The first part of the struggle against the murderous depredation of this disease was to protect personal life through restrictive health injunctions and protocols; the worst possibly being human isolation and masks that hid our sorrows and lamentations through thin veils. We suffered that humiliation with grace and I believe as a nation we did a great job.

Now the vaccines are here, ushering us into the second phase of this war against the plague; and we are asking ourselves, is this science-driven fight against Covid-19 spell the end of pandemic anxiety? Is the health nightmare coming to an end? What happy lives lie ahead? Is this the time for celebration or caution? As the Non State Actors, we have being struggling with these questions for months.

We have published our thoughts and feelings, and our research reviews and thorough reading of both the local and international impacts of this rampaging viral invasion in local newspapers and social media platforms.

More significantly, we have successfully organised workshops about the impact of the pandemic on society and the economy and the last workshop invited a panel of health experts, professionals, and public administers to advance this social dialogue as part of our commitment to the tripartite engagement we enjoy working with Government of Botswana, Civil Society and Development partners. These workshops are virtual and open to all Batswana, foreign diplomatic missions based in Gaborone, UN agencies located in Gaborone and international academic researchers and professional health experts and specialists.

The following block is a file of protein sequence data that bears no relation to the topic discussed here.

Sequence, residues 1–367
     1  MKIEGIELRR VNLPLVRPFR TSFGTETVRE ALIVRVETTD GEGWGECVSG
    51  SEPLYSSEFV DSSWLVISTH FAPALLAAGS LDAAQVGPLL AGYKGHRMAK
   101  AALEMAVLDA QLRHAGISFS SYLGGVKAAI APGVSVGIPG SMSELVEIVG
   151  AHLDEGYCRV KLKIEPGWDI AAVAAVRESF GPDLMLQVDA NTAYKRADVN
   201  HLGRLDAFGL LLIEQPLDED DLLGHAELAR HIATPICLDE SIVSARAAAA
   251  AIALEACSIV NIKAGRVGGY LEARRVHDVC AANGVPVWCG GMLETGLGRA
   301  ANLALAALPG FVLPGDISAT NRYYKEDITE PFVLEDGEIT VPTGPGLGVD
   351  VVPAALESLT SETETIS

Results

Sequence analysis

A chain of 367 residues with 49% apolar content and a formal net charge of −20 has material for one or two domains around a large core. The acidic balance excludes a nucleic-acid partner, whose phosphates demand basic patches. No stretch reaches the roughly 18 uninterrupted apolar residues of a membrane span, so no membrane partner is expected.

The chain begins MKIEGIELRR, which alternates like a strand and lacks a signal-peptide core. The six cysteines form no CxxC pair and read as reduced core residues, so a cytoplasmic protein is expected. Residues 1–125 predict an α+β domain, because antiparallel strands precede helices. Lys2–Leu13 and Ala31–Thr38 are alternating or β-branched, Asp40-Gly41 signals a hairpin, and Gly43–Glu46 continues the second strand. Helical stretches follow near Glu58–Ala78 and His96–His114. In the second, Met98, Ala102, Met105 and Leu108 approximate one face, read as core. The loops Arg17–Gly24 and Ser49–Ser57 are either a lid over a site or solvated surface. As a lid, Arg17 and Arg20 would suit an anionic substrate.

The mark of Covid-19 on our nation is a painful one, a tragedy shared by the entire human race, but still a contextually painful experience. Our response is fraught with grave difficulties; limited resources, limited time, and the urgency to not only save lives but also avert economic ruin and a bleak future for all who survive. Several vaccines are already in the  market.

Parts of the world are already doing the best they can to trunk the pestilential march of this disease by rolling out mass-vaccinations campaigns that promise to evict this health menace and nightmare from their public lives. Botswana, like much of Africa, is still up in the disreputable, and, unenviable, preventative social melee of masked interactions, metered distances, contactless commerce.

We remain very much at the mercy of a marauding virus that daily runs amuck with earth shattering implications for the economy and human lives. And the battle against both infections and transmissions is proving to be difficult, in terms of finance, institutional capacities and resource mobilization. How are we prepared as government, and as citizens, to embrace the impending mass-vaccinations? What are the chances of us  succeeding at this last-ditch effort to defeat the virus? What are the most pressing obstacles?

Does the work of vaccines spell an end to the pandemic anxieties?

Our panellists addressed the current state of mass-vaccination preparedness at the Botswana national level. What resources are available? What are the financial, institutional and administrative operational challenges (costs and supply chains, delivery, distribution, administering the vaccine on time, surveillance and security of vaccines?) What is being done to overcome them, or what can be done to overcome them? What do public assessments of preparedness tell us at the local community levels? How strong is the political will and direction? How long can we expect the whole exercise to last? At what point should we start seeing tangible results of the mass-vaccination campaign?